go through it and kind of show you how to do that and as well as if you've never used to microphones before uh, this could be pretty useful because I'll show you how to actually get them in phase with each other and how important phases not only with drums but with everything else. Okay, so let me have you just start kind of playing a little bit and I'll get a get a tone, no signal so the phantom power on these mike preempts is on the back of this print which is why I'm kind of heading around the back here to turn that on like we talked about in the first class microphones that have phantom power or they need phantom power like condensers didn't make sure you have a pre empted khun supply that which is why, if you noticed this base one seventy track was not seeing any level and then it seems that turn on the fan power then it works, so give me a little bit more of that. Okay, so now to check that these air in phase, a cool kind of way of just quickly doing it is, um what I want you to do is just give me a like, uh is just give me a quick little lecture not even a note just like a street but just real fast now you can kind of zoom in real tall, check with these aaron face um I probably should have done a worse job making it up um like I said, I just know a fifty seven so well from doing it so many times I'm pretty right on here uh but just for the sake of showing you what it looks like when it's not in phase um I'm just going to quickly move this back a little bit so now I've got the fifty seven right up on the grill and the the norman one seven his back up about an inch so I'll show you what that looks like in here so give me another one of those when they're out of face and the reason why so see how it's just very minimal but you can see toe where like the peak of this top wave form is about here and the peak of this wave form is about their, um it doesn't seem like kind of a big deal as you're kind of dialing in a sound, but just like the as I was, I forget what I was showing yesterday, but I think it was the base tracks, but as you bring in different microphones, you'll start to hear things kind of get a little uneven um and just for the sake of that, let me just show you that real quick so just play like just kind of like open your whatever your team to just kind of pedal on that for a little bit so I'm just gonna kind of blow through the stuff so and then let me go through and put these back in phase and then give me another chika um and now do that same pedaling for me so here's what it sounds like when they're in phase and granted these differences going to preach small but they may be big I don't know it really depends on the tone of each of each base sometimes it's accentuated mohr sometimes the cabinets accentuate things more other times having microphone slightly out of phase sounds cooler so it's really a creative decision so here's just the fifty seventh the one seventy here how much like a thicker and you're the one seventy is compared to the fifty seven combining them both e so here they are that's both of them in the face and slightly out a little more of that clank range gets kind of a little bit starts to get a little scooped out um with basements where it's such like low frequencies that takes so long to develop you're not really gonna it's not like I guess, as critical to be super on point but like for guitars it will make a huge difference to the top end of the guitars um and I just believe it's always a good idea to be in face um as best you can so with that being said let's go back to a group and you're ready to start blowing through this thing yeah you want headphones let me know yeah let's get a little am I messing with their level in there? I apologize fan just ok sorry about that okay uh ok um we may not be able to give you your base in the headphones but you're cranked up so let me know if you have enough click and then a little start I'll start here was in where he was at and then let me know if you have enough yes punching right there okay it clicks than urine it's another good reason about being on the grid if you're trying to work fast you know that it's just eight clicks four clicks for bar and you just quickly back in awesome called click s o I turned off the click track like that I can't stand click track hate it so much any chance I get to like mute click track I will especially because uh at the end of a track sometimes you can have quick track get picked up you know and it's you know when you're in headphones you need click track loud for it to just kind of be blasting into your head, but then as soon as you're done playing all of a sudden you realize how loud it is and it can just they give you a headache real fast um as well as for drums um I'm not sure if I did it in those takes and may have but like at the end of like your last hit sometimes it's cool to just within pro tools or whatever d a w you're in to just automate like a uh so for like the last kick um if this were like a record I would be doing all these extra little things which I should probably be doing here but since I'm moving so fast I'm kind of just trying to cover the basics so at the end of like your last crash it's always a good idea to kind of your click tracks so you don't get like that bleeding through the drummers headphones so you can automate it like this to where it'll just mute out at the end any time you have like a quiet part of the song if your drummer needs to have the click track loud, you just you conduct it if you want you know and it's and it's all things that is just kind of it's like well, we had uh you know, but they're all things that I feel like slit people's brains when you're actually tracking like oh yeah that's right? I can just turn it down I'm not stuck with that um and okay, anything else about that? Um okay, so base feel like that was pretty good let me just quickly listen to this we'll kind of see where we're at fifty seven versus the one seventy um as you can hear, the one seventy is much round, especially when it starts getting into like those kind of mid range and like kind of distorted sounds. So the one seventy eight versus the fifty seven way more aggressive on the top end but as you're listening to just the clean sound huge not as drastic, you know? I mean, eh? So that's why the two mikes air cool because then you can even use little things like maybe I like the sound of the fifty seven on the verse and then the one seventy on the course or separate parts or if you want that part to jump out a little more, you could just bring up to fifty seven when it comes time to kind of balancing all of your levels out. Any other questions about that? Okay. You think that's good on base? I think so, yeah, yeah. Neil drum take wonder everyone take yeah, and then before you get started on guitar what I'm doing here is just creating a little cross fade to make sure there are no pops as you go you're puncheon's post production on this theme making set up with the base and yeah you're talking about the large die for him. My captured a lot more of the bottom and having a smoother transition response and said on that, have you it? Would you ever, like cross filter those high pass on one low pass on the other, and treated like multi van compression almost of the bus afterwards? So I won't necessarily do that perm. Well, it's hard to say, um most of the time, like if it comes time to like for post or mixing whatever you want to say, I really look at it like there are no rules. And sometimes I think, you know, there's been super crazy set ups where it's like, ok, I have a d I and then I have, like six mikes on amp that someone sent, and I have to make it sound like this crazy bass sound. And every single mike that they gave me is wrong and it's out of phase. And even when you have mike's there out of phase, when you move them it's different like when you line up the tracks, it sounds different than you. Then, if you were to actually just have them invade to begin with, so I mean, it does sound better when you move the men, but it's still not the same certain frequencies were canceled out because now like those mid range frequencies that we're hitting the mic separately or at the wrong time then now they're in phase but now your bottom and top is maybe shifted out so and you have to be careful with that because if it's a different band and they're paying you to mix it then you have to worry about okay well yes, these maybe out of phase but this is the sound that they were working with and this may be the tone that, like they wanted, you know? So you have to be careful not to mess that blend up because people are very sensitive to like, I don't know man like that weird like, you know lapel mic that we put in front of the night you know or like the kid pulling your mike that we put on the guitar like cabinet just sounds so cool when I missed that mike but as far as treating bass, yeah, I will do whatever it takes if I have to duplicate a track you know and like do a total low pass on on ly getting like a certain frequency and then compressed the crap out of that sometimes that's what a good way of getting a salt of low end throughout your track because especially like on these intro notes here there's just not a lot of like low frequency information there. Um, I don't even know if that's something that we can get out of here. Try it pretty quick, but chances are it's probably not gonna work a ce faras to level that I would be satisfied with. But like this, you know, a lot of what we're talking about is ok. Well, is this is this better than not having it at all? You know, is there so you can d'oh bring that up as much as you want you want, tio. I mean, yeah, you can do that. And, you know, I mean that's kind of the beauty of a d a w because there's no rules you can duplicate that you can throw, you know, you throw sub exciter on there if that's what it is. But I find that sometimes the subject sighters will get a little little faizi, you know, and like, because there not completely accurate with the active that's being played, sometimes it gets the wobbly, um, does that help you? Okay.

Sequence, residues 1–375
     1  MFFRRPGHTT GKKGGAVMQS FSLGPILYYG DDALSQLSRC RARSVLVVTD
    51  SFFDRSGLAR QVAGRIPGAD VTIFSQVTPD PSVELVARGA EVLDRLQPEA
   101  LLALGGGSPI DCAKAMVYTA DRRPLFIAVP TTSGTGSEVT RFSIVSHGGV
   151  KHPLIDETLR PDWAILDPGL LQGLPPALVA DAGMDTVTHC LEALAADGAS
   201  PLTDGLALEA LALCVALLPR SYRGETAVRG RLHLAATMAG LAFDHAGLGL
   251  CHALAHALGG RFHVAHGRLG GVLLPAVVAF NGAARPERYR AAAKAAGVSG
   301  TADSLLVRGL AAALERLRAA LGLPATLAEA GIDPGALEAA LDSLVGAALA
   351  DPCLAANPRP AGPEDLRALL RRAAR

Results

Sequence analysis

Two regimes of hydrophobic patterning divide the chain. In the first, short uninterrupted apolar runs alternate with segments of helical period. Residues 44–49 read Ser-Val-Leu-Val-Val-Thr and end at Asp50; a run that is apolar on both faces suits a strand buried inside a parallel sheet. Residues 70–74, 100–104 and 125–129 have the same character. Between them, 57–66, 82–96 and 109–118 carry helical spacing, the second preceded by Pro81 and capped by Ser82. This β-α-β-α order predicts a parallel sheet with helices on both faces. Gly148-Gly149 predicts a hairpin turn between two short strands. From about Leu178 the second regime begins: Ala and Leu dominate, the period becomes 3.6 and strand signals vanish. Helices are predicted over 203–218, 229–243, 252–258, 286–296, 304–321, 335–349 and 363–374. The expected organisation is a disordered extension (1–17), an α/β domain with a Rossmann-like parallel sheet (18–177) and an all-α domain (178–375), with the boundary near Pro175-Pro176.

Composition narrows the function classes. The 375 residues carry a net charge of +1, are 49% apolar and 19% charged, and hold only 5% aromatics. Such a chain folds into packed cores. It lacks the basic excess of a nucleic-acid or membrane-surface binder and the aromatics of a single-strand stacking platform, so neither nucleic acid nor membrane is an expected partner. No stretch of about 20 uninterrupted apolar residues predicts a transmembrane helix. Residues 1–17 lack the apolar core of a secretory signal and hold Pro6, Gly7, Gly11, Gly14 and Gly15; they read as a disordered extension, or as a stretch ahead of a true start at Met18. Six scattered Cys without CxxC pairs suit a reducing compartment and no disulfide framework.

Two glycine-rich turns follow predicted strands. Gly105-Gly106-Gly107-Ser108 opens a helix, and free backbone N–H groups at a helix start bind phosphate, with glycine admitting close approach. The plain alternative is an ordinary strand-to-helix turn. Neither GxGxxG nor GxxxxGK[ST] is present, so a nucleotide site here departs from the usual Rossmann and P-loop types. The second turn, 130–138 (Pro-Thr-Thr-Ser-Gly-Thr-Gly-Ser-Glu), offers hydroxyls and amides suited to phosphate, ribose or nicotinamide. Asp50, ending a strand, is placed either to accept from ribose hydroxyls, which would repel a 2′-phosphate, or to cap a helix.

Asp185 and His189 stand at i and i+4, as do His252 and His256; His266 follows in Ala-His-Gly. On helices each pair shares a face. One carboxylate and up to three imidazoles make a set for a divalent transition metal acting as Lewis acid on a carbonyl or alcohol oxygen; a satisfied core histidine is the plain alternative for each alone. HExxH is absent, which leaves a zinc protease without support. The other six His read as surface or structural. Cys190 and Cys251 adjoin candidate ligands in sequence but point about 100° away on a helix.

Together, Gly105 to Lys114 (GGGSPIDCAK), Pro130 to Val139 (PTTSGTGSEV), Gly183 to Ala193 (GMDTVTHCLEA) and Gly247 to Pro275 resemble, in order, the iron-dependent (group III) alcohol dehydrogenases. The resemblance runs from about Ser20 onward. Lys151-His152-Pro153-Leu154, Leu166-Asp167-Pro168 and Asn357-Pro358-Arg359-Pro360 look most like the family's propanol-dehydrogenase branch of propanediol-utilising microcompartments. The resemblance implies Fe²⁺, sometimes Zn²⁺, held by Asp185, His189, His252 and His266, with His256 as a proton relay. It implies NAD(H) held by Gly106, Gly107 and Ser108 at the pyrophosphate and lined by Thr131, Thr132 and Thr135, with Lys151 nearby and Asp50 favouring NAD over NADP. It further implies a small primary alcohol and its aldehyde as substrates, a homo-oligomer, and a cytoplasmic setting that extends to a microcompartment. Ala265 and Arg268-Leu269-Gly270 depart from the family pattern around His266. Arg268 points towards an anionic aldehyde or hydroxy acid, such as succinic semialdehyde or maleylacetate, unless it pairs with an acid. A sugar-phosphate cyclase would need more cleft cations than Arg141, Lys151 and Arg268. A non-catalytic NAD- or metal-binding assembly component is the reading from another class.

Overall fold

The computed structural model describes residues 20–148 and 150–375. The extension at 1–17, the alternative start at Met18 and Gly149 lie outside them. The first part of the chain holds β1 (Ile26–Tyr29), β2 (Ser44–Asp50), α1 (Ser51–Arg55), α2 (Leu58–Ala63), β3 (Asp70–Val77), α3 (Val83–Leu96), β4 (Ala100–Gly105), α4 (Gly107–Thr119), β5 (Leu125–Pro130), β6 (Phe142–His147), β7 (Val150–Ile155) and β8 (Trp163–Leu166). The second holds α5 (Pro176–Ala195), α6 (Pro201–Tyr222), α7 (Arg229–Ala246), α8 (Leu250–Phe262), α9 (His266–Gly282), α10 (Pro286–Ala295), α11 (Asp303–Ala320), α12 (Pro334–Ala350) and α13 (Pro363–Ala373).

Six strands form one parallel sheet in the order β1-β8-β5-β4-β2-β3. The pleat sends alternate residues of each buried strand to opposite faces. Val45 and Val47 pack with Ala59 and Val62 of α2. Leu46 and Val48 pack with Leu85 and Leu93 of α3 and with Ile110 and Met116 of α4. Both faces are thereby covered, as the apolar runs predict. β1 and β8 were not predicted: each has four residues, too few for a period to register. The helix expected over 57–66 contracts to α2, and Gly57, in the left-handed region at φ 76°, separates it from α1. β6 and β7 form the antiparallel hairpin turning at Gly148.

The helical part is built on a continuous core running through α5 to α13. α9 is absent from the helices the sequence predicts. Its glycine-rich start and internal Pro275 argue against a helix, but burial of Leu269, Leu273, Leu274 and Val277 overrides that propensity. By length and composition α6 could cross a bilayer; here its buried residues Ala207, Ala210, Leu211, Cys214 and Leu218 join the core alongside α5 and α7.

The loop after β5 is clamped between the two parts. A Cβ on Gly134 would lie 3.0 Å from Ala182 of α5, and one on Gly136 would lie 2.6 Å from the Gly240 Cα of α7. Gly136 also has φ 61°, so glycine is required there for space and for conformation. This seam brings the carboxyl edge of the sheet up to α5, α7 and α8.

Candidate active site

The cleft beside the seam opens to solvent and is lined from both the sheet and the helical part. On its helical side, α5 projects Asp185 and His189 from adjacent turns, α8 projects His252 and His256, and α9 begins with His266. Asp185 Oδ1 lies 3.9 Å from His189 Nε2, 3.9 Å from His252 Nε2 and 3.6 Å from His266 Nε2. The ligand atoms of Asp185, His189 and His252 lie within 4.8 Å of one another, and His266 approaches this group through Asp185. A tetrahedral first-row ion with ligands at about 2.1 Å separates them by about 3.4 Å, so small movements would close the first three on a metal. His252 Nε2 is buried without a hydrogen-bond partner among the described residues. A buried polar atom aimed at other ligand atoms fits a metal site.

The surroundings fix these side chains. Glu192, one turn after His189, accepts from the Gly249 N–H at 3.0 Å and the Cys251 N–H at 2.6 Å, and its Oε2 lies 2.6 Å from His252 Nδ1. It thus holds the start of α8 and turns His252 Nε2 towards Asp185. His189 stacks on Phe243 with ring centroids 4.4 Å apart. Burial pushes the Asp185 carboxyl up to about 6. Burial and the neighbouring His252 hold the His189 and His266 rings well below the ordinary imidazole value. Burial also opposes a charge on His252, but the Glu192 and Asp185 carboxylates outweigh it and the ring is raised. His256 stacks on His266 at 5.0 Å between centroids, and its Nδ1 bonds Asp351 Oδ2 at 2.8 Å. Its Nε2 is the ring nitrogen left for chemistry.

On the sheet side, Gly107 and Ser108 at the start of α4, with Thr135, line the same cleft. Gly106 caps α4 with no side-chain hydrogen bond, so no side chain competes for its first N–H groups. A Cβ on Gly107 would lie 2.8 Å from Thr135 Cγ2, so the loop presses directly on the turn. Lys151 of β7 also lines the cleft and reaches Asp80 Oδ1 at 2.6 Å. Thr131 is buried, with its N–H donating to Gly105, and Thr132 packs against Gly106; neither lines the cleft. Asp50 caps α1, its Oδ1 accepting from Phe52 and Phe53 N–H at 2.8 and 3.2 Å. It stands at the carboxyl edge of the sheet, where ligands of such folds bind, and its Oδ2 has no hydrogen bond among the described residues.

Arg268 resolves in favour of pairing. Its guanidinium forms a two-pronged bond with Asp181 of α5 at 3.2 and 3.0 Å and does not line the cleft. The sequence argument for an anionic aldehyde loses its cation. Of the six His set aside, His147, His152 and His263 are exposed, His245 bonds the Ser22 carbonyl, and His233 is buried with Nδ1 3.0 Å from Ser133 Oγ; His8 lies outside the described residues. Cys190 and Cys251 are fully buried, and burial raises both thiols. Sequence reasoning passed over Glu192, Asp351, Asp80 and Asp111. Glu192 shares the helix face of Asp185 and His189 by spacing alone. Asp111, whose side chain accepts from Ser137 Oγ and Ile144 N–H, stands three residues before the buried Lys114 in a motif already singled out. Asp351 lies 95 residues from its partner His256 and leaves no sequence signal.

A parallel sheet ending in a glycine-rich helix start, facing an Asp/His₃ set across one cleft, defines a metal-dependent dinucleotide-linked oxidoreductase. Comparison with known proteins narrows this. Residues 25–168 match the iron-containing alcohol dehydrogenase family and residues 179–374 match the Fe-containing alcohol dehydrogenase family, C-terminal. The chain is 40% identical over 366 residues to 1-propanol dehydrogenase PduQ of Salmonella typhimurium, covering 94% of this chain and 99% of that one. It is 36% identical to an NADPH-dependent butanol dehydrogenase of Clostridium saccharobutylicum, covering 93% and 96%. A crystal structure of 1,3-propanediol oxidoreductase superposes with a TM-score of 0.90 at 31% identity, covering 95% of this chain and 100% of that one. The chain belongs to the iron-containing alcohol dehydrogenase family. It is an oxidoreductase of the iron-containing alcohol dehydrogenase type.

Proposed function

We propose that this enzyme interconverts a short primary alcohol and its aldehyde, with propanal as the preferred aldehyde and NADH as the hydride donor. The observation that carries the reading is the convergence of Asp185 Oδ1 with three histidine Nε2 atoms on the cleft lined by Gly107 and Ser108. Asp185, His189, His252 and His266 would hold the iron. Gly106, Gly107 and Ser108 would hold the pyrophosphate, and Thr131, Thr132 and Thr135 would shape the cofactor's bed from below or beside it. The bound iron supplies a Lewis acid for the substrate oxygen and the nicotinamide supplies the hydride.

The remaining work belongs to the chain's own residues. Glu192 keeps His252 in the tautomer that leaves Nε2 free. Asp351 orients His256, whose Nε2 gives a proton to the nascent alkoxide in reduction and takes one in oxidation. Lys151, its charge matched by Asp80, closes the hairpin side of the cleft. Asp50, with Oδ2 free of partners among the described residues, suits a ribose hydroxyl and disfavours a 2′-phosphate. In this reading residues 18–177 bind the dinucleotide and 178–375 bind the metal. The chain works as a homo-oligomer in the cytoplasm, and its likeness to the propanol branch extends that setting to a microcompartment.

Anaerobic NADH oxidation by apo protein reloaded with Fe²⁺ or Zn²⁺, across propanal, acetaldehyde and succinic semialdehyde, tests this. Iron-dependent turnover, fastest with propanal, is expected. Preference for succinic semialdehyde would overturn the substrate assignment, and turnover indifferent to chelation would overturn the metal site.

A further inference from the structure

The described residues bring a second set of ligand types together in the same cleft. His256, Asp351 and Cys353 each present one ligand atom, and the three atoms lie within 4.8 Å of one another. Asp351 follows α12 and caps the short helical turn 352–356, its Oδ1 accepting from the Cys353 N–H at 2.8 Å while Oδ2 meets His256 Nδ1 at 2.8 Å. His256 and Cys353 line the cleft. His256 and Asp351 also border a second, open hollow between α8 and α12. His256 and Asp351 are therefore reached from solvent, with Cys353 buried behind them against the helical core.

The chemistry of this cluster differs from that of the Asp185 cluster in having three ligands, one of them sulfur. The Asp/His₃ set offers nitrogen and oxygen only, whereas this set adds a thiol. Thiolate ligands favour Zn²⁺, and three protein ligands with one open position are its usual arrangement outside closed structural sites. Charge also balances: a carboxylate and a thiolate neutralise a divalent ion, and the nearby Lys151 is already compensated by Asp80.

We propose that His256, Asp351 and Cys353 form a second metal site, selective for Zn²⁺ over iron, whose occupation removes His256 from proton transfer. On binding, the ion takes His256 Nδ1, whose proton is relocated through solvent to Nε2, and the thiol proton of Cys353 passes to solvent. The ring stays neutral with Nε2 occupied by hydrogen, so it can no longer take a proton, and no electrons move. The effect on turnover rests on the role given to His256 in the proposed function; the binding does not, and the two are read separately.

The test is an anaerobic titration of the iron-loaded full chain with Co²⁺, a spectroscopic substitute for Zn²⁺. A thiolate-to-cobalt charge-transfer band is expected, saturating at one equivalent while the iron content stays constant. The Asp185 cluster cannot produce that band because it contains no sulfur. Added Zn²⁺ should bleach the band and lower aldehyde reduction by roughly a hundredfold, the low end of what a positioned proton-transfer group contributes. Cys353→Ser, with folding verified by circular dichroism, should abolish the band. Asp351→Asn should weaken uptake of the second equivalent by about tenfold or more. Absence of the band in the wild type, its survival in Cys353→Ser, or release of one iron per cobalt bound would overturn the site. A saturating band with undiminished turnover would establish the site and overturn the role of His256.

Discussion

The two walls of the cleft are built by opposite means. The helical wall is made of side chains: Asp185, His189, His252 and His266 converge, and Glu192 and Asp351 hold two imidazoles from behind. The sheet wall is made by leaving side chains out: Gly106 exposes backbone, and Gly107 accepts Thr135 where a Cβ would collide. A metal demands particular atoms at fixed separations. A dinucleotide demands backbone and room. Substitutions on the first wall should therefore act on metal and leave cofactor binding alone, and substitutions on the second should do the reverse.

Class Description